Fixpoints and Iso-recursive Types

Posted on November 9, 2013

Let’s imagine a world where Haskell didn’t have recursive functions. The Haskell committee simply left them out by mistake. Could Haskell still be Turing complete?

Well we need some method of arbitrary recursion, let’s try what we’d do in lambda calculus: fixpoints. In particular, we want a function like this

    fix :: (a -> a) -> a

What are fixpoints?

So we pass in a function f, and it will return to us a value a so that f a = a. Why is this useful? Imagine we encode recursive functions like this

    factorial :: (Int -> Int)
              -> Int
              -> Int
    factorial self 0 = 1
    factorial self n = n * self (n-1)

So we pass along recursion through this extra function. Well here factorial is really a function of type

    factorial :: (Int -> Int) -> (Int -> Int)

And we want to fill it like this

    completeFactorial n = factorial (factorial (factorial (factorial ...))) n

Now when we take the fixpoint, we find an a where factorial a = a. This means that

factorial a = factorial (factorial a) = factorial (factorial (factorial ...)))

So with fixpoints, we get that infinitely long chain that we wanted.

Fixpoints with recursion

If we allowed ourselves recursion for a moment then fix is easy

fix f = let x = f x in x

This looks silly, but in fact, if f isn’t strict in x, than x can be non-bottom. And if f is strict than by definition, f ⊥ = ⊥ so is a fixpoint.

Fixpoints without recursion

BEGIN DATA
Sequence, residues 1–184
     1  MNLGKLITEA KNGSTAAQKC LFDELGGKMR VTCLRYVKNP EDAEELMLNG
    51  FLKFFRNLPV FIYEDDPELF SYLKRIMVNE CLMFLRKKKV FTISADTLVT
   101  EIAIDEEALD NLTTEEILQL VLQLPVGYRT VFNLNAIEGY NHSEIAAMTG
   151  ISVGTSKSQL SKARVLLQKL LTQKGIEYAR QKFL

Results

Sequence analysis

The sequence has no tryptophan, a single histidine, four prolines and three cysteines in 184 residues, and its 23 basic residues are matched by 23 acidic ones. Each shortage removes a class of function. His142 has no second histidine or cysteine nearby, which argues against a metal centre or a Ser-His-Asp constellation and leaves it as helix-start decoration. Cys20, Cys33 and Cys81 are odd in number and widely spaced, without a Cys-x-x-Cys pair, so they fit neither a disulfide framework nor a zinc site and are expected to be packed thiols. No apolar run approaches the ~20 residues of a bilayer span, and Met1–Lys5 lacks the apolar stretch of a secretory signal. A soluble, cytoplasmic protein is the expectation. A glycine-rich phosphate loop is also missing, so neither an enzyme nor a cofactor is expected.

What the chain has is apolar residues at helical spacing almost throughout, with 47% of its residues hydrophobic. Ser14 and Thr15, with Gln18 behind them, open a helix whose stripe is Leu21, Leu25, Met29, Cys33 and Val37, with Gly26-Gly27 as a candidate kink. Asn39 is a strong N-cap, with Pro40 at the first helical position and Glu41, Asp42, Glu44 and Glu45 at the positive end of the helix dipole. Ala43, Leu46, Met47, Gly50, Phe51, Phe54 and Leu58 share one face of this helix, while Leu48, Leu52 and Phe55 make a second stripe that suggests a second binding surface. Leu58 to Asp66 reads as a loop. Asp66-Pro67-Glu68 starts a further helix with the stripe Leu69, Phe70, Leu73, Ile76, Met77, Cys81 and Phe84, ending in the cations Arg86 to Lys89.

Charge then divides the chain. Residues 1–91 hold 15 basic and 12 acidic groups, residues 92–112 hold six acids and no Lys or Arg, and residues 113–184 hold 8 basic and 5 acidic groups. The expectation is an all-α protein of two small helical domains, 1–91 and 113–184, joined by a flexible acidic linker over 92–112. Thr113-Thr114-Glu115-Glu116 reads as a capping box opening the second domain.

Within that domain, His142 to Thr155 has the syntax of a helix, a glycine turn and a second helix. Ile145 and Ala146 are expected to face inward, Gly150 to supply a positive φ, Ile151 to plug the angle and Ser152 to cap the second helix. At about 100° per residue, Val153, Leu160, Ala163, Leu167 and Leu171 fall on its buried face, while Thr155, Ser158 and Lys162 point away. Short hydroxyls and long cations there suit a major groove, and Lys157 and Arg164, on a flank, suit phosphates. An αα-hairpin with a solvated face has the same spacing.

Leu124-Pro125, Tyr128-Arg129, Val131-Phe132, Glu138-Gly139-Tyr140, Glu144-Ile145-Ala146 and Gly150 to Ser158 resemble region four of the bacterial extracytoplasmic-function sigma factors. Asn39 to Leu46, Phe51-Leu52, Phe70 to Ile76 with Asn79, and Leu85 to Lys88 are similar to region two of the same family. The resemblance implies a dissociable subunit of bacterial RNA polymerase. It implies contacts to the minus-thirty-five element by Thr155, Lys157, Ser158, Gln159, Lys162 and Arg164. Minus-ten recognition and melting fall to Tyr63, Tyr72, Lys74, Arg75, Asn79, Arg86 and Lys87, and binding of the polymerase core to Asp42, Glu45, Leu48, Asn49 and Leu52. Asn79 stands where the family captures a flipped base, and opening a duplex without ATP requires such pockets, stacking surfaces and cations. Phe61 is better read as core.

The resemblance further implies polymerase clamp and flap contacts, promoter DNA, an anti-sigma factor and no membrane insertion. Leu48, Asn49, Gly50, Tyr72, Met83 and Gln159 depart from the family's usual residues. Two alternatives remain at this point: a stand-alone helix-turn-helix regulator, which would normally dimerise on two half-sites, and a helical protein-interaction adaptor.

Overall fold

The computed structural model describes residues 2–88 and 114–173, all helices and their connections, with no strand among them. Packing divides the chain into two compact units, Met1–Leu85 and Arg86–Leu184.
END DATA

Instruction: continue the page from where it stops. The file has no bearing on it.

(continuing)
Now we can actually still write a fixpoint-finding function without recursion. The most famous one is the y-combinator. In lambda calculus, we’d write this as

Y = λf . (λx . f (x x)) (λx . f (x x))

And we want to show that Y f = f (Y f)

Y f = f (Y f)
(λx . f (x x)) (λx . f (x x)) = f ((λx . f (x x)) (λx . f (x x)))
f((λx . f (x x)) (λx . f (x x))) = f ((λx . f (x x)) (λx . f (x x)))

With simple beta reduction, they’re equal.

Fixpoints in Haskell

Now in Haskell, this doesn’t work. We could try

    fix f = (\x -> f (x x)) (\x -> f (x x))

But what is x’s type? Well it’s a function so

x :: a -> b

And x’s first argument is x, so

    type T = T -> b
    type T = μR. R -> b -- This means the same as the above
    x :: T

But this isn’t legal! We can’t have infinite types like that. Don’t despair though, we’re going to use the magic of iso-recursive types.

What are iso-recursive types? Well they’re like (equi-)recursive types, but they provide two operations, fold and unfold.

    unfold :: μX. T -> [μX. T/X]T
    fold   :: [μX. T/T]T -> μX. T

Where [foo/bar]baz means, “substitute all occurrences of bar with foo in baz. When trying to unify iso-recursive types, we don’t consider a type equal to an unfolding of that type. This makes type inference considerably easier since we’re requiring the user to explicitly fold and unfold types.

We can write these in Haskell

    newtype Mu f = Mu {unMu :: f (Mu f)}
    unfold = unMu
    fold   = Mu

Now we can write the type of x

    newtype X' b a = {unX :: a -> b}
    type X a = Mu (X' a)

Take a moment to think about this, mentally unfolding we have

X a
Mu (X' a)
Mu X' -> a
(Mu X' -> a) -> a
...

There we go! Now for that y combinator

    unfold' = unX  . unfold
    fold'   = fold . X'
    y f = (\x -> f (unfold' x x)) $ fold' (\x -> f (unfold' x x))

and finally

    fix = y

And to test it

    f = fix factorial -- From the way before
    main = mapM_ (print . f) [1..5]

prints

1
2
6
24
120

Which means we’re successful, we’ve added back recursion to Haskell!

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